There are now 63 accredited WorkSafe Plan assessors servicing the needs of industry. The independent accredited WorkSafe Plan assessors have undergone training in the WorkSafe Plan and have been assessed in their ability to apply it to industry before accreditation. The encouraging numbers of WorkSafe Plan certificates of achievement awarded to date are the "tip of the iceberg" of activity amongst Western Australian enterprises with WorkSafe Plan, with hundreds of enterprises utilising the WorkSafe Plan system to organise and improve their occupational safety and health management. While a number of Australian jurisdictions have assessment systems equivalent to WorkSafe Plan, only in Western Australia are the assessments done at arm’s length from Government by independent accredited assessors. This approach enables a high degree of confidentiality between the assessor and the customer enterprise.

Firm and fair enforcement of the Occupational Safety and Health Act

WorkSafe Western Australia has responsibility for enforcement of the Occupational Safety and Health Act and adopts a firm but fair enforcement approach. Overall, enforcement activity increased during 1997/98 compared to 1995/96. There were 109 prosecutions, 7,794 improvement notices and 992 prohibition notices in 1997/98, compared to 127 prosecutions, 5,502 improvement notices and 725 prohibition notices in 1996/97. The reduction in prosecutions during 1997/98 was more than offset by substantial increases in field enforcement activity through improvement notices and prohibition notices.

The cost efficiency of enforcement activity further increased during 1997/98, with a cost per enforcement action of $858 compared to $1,103 in 1996/97. The number of investigations resulting in more than one notice in 1997/98 was 3,558 compared to 2,071 in 1996/97. Both the efficiency and effectiveness indicators reflect the improved operational impact through industry-focussed self-managed teams and attention to priority workplace hazards.

Following controversy surrounding the prosecution of a farmer in 1997 for a breach of the Act associated with the death of his daughter in a silo, the department issued a revised Prosecution Policy incorporating an extensive public interest test. It is too early to establish whether the revised public interest test will lead to a substantial reduction in prosecution proceedings.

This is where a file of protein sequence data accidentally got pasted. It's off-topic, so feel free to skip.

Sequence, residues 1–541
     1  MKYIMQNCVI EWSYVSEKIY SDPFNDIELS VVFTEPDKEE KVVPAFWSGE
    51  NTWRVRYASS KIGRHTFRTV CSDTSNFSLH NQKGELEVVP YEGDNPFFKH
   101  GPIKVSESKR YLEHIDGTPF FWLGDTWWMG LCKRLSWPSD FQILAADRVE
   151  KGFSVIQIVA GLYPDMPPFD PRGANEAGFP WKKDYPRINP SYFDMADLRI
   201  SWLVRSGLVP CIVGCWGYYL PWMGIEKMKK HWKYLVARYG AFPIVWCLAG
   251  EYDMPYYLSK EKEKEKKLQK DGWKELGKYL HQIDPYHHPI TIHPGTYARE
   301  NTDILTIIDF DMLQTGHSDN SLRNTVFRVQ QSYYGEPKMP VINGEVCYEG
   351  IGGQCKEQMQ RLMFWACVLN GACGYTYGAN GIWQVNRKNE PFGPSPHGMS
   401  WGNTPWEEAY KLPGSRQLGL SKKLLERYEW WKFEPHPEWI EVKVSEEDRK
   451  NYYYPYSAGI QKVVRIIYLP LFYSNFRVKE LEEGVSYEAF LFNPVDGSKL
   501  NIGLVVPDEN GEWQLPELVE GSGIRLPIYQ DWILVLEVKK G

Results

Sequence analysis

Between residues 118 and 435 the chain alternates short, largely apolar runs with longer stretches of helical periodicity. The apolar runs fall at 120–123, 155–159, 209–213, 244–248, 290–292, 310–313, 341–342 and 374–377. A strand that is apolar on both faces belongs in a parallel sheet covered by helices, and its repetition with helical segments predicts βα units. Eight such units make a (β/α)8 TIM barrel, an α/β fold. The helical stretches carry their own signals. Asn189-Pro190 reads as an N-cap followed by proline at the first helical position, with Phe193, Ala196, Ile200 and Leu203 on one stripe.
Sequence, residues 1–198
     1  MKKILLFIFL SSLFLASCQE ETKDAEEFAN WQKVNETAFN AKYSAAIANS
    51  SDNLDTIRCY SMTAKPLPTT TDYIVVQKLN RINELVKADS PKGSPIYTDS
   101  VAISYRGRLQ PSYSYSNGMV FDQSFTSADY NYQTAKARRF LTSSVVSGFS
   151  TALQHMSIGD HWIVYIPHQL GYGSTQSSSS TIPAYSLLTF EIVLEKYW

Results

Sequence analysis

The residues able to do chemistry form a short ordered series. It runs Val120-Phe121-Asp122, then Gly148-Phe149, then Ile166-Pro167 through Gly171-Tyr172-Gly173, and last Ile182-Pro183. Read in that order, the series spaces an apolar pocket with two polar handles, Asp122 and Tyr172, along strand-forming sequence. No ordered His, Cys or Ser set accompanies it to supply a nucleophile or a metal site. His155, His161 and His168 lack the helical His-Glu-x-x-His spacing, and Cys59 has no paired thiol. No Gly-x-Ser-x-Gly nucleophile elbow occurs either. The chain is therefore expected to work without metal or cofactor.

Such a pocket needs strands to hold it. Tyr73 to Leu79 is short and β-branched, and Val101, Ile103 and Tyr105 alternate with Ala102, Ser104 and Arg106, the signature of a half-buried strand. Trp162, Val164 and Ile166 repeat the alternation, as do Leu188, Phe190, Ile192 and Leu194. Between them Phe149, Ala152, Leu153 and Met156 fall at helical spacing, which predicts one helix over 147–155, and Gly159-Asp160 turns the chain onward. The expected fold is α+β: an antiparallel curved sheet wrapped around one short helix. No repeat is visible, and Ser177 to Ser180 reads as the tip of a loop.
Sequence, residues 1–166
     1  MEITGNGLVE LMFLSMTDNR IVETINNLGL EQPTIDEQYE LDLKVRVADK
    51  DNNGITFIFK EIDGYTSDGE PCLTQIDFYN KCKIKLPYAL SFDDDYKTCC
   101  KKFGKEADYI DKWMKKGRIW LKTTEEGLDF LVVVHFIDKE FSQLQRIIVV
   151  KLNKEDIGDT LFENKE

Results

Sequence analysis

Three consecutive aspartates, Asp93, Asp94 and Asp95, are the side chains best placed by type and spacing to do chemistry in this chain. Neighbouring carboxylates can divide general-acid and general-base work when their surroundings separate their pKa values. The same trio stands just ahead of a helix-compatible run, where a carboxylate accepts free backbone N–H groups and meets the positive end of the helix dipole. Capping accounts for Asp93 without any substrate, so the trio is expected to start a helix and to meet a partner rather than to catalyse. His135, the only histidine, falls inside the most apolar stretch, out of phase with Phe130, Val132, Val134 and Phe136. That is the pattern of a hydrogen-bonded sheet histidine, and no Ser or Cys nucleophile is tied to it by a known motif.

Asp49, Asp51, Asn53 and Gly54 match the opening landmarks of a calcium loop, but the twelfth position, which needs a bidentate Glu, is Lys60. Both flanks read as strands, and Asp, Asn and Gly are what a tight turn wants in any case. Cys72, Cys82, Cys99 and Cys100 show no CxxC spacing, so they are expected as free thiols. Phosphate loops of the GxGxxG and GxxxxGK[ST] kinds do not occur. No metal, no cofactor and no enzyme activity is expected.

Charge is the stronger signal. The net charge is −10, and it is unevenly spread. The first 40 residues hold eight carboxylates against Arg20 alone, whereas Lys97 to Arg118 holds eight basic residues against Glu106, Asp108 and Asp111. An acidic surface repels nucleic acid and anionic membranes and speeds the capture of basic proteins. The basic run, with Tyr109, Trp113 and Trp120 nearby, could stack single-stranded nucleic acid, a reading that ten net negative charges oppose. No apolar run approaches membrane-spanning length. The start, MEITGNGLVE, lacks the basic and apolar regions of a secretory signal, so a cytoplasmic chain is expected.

Provision of information to workplaces, the education system and homes

While the primary role of WorkSafe Western Australia is enforcement of the Occupational Safety and Health Act, both industry and the community expect the Government agency to provide information that can assist in addressing safety problems in the workplace. WorkSafe Western Australia enjoys providing information and has developed a highly efficient service on the Internet called "SafetyLine" (www.safetyline.wa.gov.au) as the main information delivery medium. SafetyLine continues to grow in both content and utilisation, with now more than 18,000 pages of information accessed over 3.2 million times during 1997/98. SafetyLine is widely regarded as the leading service of its kind in the world.

A unique aspect of SafetyLine’s world leadership is its interactive training and education programs. The "WorkSafe Smart Move" program for secondary school students undertaking work experience now has more than 20,000 graduates in Western Australia through the Internet and the program has been also adopted by South Australia and Queensland. With the ThinkSafe Club, WorkSafe Smart Move, and the recently introduced "SafetyLine Institute" (www.safetyline.wa.gov.au/institute) , interactive programs are now provided for primary, secondary and tertiary education in occupational safety and health.

While the Internet service SafetyLine is proving very effective, the department continues to also publish the printed magazine "SafetyLine" which is mailed quarterly to approximately 12,000 subscribers free of charge. A feature of the "SafetyLine" magazine during 1997/98 has been the complete reproduction of approved codes of practice for manual handling and the prevention of falls as special editions of the magazine. This practice will continue with reproduction of further codes during the next year.

CONCLUSION

Thus the WorkSafe WA 2000 Plan is a comprehensive and a balanced strategic approach embodying regulatory, industry and community awareness, and best practice programs directed at ensuring "Western Australia’s workplaces will be the safest in the world" by the year 2000. The WorkSafe WA 2000 Vision and Plan have also engendered a robustness at WorkSafe Western Australia which is essential to delivering a high level of service to the public in a sometimes difficult industrial-political environment.

Our team at WorkSafe Western Australia is enthusiastically committed towards achieving the WorkSafe WA 2000 Vision.